House Speaker Paul D. Ryan said Wednesday he will not be rushed into an endorsement of presumptive Republican presidential nominee Donald Trump, tamping down speculation that he was moving toward a declaration of support.
“Look, I don’t have a timeline in my mind, and I have not made a decision,” Ryan (R-Wis.) told reporters summoned to his Capitol office suite. “Nothing has changed from that perspective, and we’re still having productive conversations.”
He added, “I think it’s important that we actually discuss the principles we all share in common and the policies that come from them and get a good understanding on those. And that’s the kind of conversations we’re having.”
Ryan spoke less than a day after a Bloomberg report, citing unnamed “confidants,” suggested a Trump endorsement is imminent. He dismissed the report, and said the process of reconciliation continues: “Our staffs talk virtually every day. We’re having good conversations.”
He also declined to wade into Trump’s latest controversy — his criticism of New Mexico Gov. Susana Martinez, the chair of the Republican Governors Association, on Tuesday: “Look, I’ll just leave it at this: Susana Martinez is a great governor. She turned deficits into surpluses. She cut taxes. She’s a friend of mine, and I think she’s a good governor. I will leave it at that.”
Ryan has only grown more isolated within his party since his surprise declaration on May 5 — two days after Trump won the Indiana primary, clearing the GOP field — that he was “just not ready” to back the New York businessman, sharply criticizing Trump’s tone and populist agenda. “We don’t always nominate a Lincoln and a Reagan every four years, but we hope that our nominee aspires to be Lincoln- and Reagan-esque,” he said in a CNN interview.
Ryan and Trump met a week later, prompting no endorsement but instead a joint statement that emphasized “many important areas of common ground” and “additional discussions” to come. But party leaders have continued to move, if grudgingly, toward Trump. Ryan is now the only high-level GOP leader in either congressional chamber not to be openly supporting Trump.
Rep. Cathy McMorris Rodgers (R-Wash.), the House Republican Conference chairwoman, announced last week she had voted for Trump in Washington’s GOP primary while maintaining reservations about comments “made in the past and on the campaign trail this year about women; people with disabilities; and those from different backgrounds.”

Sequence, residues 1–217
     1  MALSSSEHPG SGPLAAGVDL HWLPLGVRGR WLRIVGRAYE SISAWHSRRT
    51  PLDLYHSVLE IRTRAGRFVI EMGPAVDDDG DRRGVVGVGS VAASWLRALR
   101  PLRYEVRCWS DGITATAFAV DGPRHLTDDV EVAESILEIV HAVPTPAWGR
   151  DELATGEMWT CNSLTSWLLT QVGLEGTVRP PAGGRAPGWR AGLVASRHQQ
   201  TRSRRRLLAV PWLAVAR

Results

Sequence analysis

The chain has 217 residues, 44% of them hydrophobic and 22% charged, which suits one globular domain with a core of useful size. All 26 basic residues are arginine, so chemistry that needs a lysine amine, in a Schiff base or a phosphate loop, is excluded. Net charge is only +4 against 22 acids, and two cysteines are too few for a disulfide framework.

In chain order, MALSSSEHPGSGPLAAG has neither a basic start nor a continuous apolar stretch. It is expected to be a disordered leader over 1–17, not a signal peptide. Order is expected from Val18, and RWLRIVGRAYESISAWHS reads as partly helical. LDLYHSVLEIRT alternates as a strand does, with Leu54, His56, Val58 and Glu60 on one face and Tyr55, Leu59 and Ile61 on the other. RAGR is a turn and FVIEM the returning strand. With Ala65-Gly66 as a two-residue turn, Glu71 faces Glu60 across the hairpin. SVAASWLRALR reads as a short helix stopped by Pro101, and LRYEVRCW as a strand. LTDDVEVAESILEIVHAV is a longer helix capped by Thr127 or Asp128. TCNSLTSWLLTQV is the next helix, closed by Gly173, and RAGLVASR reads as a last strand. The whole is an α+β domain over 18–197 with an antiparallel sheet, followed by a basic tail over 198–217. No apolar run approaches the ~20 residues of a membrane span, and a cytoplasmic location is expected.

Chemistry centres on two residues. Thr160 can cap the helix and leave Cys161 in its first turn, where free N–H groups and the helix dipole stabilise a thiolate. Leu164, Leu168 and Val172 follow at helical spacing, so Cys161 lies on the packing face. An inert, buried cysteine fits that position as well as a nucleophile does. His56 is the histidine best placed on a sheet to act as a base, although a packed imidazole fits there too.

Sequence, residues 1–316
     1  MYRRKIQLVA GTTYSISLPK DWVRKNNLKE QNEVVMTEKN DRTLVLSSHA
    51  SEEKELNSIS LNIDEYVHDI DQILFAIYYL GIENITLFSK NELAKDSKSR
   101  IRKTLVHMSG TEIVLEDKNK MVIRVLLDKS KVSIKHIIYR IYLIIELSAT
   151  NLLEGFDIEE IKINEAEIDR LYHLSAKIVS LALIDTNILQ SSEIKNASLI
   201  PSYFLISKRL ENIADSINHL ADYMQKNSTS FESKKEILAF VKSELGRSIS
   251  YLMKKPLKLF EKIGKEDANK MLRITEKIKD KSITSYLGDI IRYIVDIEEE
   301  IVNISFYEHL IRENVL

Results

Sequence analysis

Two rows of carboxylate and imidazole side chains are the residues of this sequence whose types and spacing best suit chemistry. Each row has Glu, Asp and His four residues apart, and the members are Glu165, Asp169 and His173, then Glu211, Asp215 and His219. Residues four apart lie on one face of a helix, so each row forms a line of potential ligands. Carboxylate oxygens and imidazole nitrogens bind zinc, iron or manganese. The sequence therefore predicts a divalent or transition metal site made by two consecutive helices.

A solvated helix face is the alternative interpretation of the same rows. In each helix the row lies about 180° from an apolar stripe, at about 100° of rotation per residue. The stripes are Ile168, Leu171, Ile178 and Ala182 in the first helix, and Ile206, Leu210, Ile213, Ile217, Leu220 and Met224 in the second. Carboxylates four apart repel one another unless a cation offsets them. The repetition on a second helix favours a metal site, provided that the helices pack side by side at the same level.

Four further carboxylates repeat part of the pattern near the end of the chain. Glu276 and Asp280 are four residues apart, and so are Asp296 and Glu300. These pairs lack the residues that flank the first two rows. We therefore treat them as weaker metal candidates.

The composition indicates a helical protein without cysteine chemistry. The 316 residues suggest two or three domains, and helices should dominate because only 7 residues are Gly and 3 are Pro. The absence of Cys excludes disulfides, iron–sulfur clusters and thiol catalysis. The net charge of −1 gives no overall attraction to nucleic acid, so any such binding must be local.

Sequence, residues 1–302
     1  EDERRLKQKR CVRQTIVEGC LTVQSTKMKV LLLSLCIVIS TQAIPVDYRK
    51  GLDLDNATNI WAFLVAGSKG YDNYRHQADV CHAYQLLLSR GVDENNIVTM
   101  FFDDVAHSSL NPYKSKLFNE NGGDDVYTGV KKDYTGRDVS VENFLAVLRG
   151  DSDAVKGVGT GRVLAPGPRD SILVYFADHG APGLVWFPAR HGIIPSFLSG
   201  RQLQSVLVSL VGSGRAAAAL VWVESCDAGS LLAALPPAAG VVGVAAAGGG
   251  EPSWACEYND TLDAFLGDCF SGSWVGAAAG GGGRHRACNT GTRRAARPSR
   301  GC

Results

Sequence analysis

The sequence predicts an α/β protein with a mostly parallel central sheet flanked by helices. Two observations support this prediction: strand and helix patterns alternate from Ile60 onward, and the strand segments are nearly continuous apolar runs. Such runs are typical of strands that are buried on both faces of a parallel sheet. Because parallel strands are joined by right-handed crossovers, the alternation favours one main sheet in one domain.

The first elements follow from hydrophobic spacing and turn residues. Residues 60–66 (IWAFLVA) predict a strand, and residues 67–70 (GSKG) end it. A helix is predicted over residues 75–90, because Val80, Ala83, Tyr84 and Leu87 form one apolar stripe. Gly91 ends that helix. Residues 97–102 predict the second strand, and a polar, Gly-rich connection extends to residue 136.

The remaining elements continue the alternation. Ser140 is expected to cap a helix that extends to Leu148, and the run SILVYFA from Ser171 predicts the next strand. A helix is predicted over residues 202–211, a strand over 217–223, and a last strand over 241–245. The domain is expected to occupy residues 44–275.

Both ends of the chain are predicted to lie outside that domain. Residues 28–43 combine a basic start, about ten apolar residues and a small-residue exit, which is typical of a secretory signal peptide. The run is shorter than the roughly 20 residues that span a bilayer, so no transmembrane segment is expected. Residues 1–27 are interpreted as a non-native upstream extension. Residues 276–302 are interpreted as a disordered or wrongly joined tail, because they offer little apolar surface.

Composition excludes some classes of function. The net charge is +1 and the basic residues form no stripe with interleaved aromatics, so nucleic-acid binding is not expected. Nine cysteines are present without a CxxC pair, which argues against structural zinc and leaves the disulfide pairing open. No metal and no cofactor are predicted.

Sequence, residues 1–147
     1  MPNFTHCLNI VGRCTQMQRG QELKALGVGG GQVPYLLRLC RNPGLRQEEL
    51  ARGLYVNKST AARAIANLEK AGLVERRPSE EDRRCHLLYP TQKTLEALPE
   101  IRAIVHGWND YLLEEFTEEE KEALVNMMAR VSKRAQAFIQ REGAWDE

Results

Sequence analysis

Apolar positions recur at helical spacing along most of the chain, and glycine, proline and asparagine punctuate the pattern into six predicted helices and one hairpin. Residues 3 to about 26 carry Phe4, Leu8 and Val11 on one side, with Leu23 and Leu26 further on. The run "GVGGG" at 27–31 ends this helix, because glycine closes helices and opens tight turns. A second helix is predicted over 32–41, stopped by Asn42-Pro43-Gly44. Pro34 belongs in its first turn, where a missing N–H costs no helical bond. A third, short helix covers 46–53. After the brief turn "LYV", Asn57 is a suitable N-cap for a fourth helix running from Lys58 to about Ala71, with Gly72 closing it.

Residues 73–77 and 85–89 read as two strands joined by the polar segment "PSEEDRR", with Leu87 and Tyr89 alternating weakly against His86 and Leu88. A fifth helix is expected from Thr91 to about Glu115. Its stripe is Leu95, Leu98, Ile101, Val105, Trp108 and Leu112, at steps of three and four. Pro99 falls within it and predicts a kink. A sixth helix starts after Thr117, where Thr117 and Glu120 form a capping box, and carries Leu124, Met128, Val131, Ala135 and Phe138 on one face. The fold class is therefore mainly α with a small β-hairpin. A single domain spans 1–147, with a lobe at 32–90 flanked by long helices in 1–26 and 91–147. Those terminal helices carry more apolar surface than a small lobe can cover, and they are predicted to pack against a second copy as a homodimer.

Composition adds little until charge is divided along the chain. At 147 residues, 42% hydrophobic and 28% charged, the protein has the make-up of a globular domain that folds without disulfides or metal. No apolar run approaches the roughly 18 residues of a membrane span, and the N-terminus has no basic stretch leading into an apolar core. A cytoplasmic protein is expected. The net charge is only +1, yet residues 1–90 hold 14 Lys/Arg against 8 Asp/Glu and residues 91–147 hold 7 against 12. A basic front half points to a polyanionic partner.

Ryan’s briefing was meant to preview the coming release of a six-part House GOP agenda, one meant to serve as the basis for legislative action under a Republican president starting in 2017. The first piece, on combating poverty and expanding economic opportunity, would be delivered early next month, he said. But it was Trump’s potential status as that president that suffused the discussion of the agenda and Ryan’s dilemma over supporting him.
“We’re a big tent party with lots of different wings,” Ryan said. “We clearly come from different wings of the Republican party — there’s no two ways about that. The question is, if we’re going to unify, can we figure out what is the common foundation that ties all these wings together, and that’s what we’re working on.”
But what has made Ryan’s hesitation so profound is the gravity of the issues on which he does not believe he and Trump are simpatico — issues like the constitutional limits on executive powers, which is a focus of the agenda project. “We want to make darn sure that our standard bearer understands, appreciates and respects and supports the Constitution and the kinds of principles that come with it, and those are some of the conversations we have been having,” he said.
At another point, Ryan was pressed on whether the House was preparing plans for the mass deportation of illegal immigrants — a key plank of Trump’s platform. Ryan, who opposes mass deportation and supports a path to legal status for the undocumented, noted that immigration is not part of the agenda project. Issues like trade and immigration that were cleaving the presidential field months ago were deliberated left out of the agenda project, in lieu of issues like health care, national security and regulation where GOP unity is easier to find.
“Obviously, securing the border is part of national security, we believe,” he said. “But I’ve made my view on [mass deportation] pretty darn clear, and I’ll just leave it at that.”